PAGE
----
Officials prepare for opening of radioactive waste facility

November 10, 2011

OA Online

Andrews waste dump

The radioactive waste disposal facility outside of Andrews, the first of its kind in Texas and one of three in the United States, celebrated its ribbon cutting Thursday.

Rod Baltzer, president of Waste Control Specialists, which operates the low-level radioactive waste disposal facility in Andrews County, said he’s been with the company since 1998, just three years after it began its involvement in the project.

"It’s a tremendous accomplishment," he said of the first facility in the United States that is licensed with the Nuclear Regulatory Commission for disposing of the low-level radioactive waste.

Regularly, radioactive waste is transported from holding facility to holding facility without actually being disposed, but the Andrews facility will take waste from 36 states around the country.

WCS Vice President Linda Beach said the standards upheld by the facility are much higher than previous radioactive waste disposal facilities.

"Some say we’re going to contaminate the Ogallala Aquifer," she said. "Science, technology and logic is not going to sway them because of what they believe."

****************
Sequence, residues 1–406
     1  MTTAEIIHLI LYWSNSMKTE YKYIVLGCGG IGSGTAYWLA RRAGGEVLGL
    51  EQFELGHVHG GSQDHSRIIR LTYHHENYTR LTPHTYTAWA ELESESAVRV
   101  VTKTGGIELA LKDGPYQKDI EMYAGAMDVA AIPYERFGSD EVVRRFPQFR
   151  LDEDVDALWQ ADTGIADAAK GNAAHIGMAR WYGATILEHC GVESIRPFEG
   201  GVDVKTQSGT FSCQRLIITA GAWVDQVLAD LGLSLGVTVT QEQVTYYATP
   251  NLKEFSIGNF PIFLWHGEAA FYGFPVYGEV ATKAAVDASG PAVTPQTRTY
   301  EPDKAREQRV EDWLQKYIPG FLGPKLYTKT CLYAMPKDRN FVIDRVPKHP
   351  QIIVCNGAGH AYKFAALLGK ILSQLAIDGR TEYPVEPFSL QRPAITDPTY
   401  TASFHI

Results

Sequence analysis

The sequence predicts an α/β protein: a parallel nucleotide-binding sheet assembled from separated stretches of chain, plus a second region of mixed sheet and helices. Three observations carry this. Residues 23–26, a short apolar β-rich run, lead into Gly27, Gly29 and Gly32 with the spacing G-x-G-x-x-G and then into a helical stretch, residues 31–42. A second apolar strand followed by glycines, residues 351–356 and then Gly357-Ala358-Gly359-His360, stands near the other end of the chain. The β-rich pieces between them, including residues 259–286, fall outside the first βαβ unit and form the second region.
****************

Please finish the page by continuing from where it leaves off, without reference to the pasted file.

In fact, she said, the facility is 10 miles away from the aquifer and will never threaten to contaminate the source.

Not only are the Texas Commission on Environmental Quality and other agencies constantly checking up on the facility, but several layers of protection in the way of concrete, grout and red bed clay keep radioactive materials from the outside.

The project is also tightly intertwined with the Texas government, which owns the land and will be pulling in tax revenue from in- and out-of-state companies that dump at the site.

Baltzer said the site will begin taking radioactive material at the commercial landfill in January. It already takes radioactive waste at a federal landfill and takes radioactive byproduct, all on the same site.

Fair Use Notice
This document contains copyrighted material whose use has not been specifically authorized by the copyright owner. SEED Coalition is making this article available in our efforts to advance understanding of ecological sustainability, human rights, economic democracy and social justice issues. We believe that this constitutes a "fair use" of the copyrighted material as provided for in section 107 of the US Copyright Law. If you wish to use this copyrighted material for purposes of your own that go beyond "fair use", you must obtain permission from the copyright owner.